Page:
PSAC lowers 2018 Canadian drilling activity forecast

Canadian Drilling Activity Forecast
Canadian Drilling Activity Forecast was released by the Petroleum Services Association of Canada on Wednesday.  Apache photo.

Canadian Drilling Activity Forecast was released by the Petroleum Services Association of Canada on Wednesday.  Apache photo.

Canadian Drilling Activity Forecast shows decline in Alberta, BC, Saskatchewan, increase in Manitoba

In its third update to its 2018 Canadian Drilling Activity Forecast, the Petroleum Services Association of Canada (PSAC), dropped the number of forecasted wells to be drilled in Canada for this year from 7,400 to 6,900 wells drilled.

PSAC says it based its updated 2018 forecast on average natural gas prices of $1.55 CDN/Mcf (AECO), WTI prices of US$65.00/barrel and the Canada-US exchange rate averaging $0.77.

“While the number of active drilling rigs is currently up 3-5 per cent over last year depending on the week, the rest of the oilfield services sector is marginally busier than it was last year at this time,” said PSAC president and CEO Tom Whalen.

“When we look at the first half of 2018 in aggregate, we drilled 200 less wells than in the first half of 2017 but at the same time, the average length per well increased by approximately 190 meters,” said Whalen

On a provincial basis for 2018, PSAC now projects 3,735 wells to be drilled in Alberta, down from 3,998 wells in the original forecast.

Approximately 36 per cent fewer wells are expected to be drilled in British Columbia, with PSAC’s revised forecast now at 464 wells, down from 730 in the original forecast.

The revised forecast for Saskatchewan now sits at 2,428 wells compared to 2,931 wells in the original forecast, and Manitoba is expected to see 260 wells or a jump of 30 in well count for 2018.

The total number wells drilled is projected to be approximately 200 less than in 2017, however we expect meterage drilled to be flat or slightly up due to average well lengths increasing.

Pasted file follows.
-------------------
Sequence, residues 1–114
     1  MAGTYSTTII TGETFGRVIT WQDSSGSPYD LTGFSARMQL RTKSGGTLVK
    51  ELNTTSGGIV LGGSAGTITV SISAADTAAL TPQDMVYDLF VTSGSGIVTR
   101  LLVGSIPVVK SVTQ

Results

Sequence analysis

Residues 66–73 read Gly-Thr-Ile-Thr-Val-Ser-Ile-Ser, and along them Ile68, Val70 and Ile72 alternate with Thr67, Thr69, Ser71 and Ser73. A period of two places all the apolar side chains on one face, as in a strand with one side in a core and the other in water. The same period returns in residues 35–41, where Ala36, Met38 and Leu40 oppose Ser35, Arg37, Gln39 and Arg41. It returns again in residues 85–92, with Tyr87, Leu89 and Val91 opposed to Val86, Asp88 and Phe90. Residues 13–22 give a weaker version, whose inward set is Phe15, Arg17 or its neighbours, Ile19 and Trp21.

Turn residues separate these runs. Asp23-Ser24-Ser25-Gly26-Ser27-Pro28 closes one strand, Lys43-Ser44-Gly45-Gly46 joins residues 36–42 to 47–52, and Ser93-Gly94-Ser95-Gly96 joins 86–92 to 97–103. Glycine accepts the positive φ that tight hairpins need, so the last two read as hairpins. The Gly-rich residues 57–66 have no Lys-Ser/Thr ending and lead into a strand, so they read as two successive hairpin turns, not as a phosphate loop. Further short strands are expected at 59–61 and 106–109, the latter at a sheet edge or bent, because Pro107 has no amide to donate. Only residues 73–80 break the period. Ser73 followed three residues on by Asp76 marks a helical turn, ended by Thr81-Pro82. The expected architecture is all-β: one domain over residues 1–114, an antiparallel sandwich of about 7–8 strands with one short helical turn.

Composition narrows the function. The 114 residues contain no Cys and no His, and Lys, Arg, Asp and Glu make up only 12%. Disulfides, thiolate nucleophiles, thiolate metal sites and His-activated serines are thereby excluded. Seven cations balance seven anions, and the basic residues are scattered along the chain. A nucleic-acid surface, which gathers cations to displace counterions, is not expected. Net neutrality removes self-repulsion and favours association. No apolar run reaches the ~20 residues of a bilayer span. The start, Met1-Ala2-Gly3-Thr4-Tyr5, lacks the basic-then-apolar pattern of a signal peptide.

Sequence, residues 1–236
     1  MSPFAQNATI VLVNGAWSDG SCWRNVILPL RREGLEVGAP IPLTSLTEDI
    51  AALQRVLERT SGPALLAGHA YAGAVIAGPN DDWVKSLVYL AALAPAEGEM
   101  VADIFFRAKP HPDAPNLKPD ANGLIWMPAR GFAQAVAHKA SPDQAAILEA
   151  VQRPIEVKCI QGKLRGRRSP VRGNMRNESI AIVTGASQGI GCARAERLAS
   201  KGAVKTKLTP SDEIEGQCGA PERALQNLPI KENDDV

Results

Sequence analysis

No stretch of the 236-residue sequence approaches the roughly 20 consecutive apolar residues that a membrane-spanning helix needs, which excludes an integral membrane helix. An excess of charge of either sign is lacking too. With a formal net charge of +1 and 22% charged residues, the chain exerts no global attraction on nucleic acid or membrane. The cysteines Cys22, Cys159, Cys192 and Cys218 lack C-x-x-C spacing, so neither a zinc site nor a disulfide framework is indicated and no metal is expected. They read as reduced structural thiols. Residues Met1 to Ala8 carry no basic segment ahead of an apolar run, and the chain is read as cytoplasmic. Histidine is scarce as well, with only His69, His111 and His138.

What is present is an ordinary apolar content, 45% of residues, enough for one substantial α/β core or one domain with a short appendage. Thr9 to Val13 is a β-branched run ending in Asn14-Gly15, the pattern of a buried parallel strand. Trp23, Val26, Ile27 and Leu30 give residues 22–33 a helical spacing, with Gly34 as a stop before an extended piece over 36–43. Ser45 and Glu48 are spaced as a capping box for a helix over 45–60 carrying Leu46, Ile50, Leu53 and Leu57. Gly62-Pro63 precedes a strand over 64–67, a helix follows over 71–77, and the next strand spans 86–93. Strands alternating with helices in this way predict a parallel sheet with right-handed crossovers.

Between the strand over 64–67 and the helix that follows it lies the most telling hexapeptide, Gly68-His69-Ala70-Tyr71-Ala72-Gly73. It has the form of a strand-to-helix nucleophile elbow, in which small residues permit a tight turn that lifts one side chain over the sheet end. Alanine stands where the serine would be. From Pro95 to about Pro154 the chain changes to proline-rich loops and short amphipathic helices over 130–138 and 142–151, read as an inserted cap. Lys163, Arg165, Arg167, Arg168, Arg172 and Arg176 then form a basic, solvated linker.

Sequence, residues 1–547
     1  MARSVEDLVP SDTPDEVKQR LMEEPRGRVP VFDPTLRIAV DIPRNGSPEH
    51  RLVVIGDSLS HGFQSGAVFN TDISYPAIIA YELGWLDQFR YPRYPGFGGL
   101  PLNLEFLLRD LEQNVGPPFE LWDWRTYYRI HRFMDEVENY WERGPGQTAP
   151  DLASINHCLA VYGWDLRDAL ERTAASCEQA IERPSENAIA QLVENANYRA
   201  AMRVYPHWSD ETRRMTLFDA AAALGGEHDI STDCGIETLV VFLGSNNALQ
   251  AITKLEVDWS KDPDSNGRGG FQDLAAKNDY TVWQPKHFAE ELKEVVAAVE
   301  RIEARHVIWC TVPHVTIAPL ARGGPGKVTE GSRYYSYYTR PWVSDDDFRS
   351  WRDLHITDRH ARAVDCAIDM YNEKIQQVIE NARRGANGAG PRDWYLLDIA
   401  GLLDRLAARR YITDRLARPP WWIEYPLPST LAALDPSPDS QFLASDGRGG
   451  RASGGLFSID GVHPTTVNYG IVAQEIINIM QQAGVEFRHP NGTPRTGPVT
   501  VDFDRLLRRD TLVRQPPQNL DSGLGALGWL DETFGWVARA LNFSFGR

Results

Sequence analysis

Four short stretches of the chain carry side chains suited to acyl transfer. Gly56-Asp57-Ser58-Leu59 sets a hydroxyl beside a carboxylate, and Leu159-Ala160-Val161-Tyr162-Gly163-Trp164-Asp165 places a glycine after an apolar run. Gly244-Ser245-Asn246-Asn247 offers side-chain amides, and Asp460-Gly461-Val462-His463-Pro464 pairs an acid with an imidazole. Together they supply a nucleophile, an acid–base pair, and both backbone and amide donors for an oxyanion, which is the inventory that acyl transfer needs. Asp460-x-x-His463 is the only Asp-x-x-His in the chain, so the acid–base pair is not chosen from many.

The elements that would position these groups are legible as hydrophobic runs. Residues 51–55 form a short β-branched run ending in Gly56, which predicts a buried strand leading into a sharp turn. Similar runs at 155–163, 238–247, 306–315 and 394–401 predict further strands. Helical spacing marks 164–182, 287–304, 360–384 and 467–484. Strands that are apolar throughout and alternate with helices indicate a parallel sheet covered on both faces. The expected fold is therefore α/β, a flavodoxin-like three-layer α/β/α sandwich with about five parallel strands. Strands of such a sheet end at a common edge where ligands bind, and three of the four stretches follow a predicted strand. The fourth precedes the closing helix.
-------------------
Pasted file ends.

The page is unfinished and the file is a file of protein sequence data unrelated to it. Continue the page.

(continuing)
Despite the drop in forecast wells to be drilled, Whelan says “in general terms, revenue numbers for our sector are up year over year but we note that several publicly traded Canadian service companies are reporting minimal improvement in the quality of bottom line earnings; many are sitting at near breakeven or are still in negative territory”.

Crude transportation bottlenecks continue to plague the Canadian oil industry, dropping the value of Canadian crude against its US rivals, he notes.

According to PSAC, because of the US$21 differential between WTI and Western Canadian Select, exploration and production companies along with Canadian taxpayers are missing out on about $15 billion annually.

“Obtaining access to tidewater continues to be mission critical for both our oil and gas weighted E&P customers and would mean an additional $25 billion for Canada.”

Looking to boost the oil industry in Alberta, the provincial government is actively pursuing value-added opportunities for its crude, including the Petrochemical Diversification Program.

Alberta Premier Rachel Notley tweeted on Tuesday that “The first round of our Petrochemical Diversification Program attracted 16 proposals worth $20 billion. We’re opening a second round to attract billions more & create thousands more jobs.”

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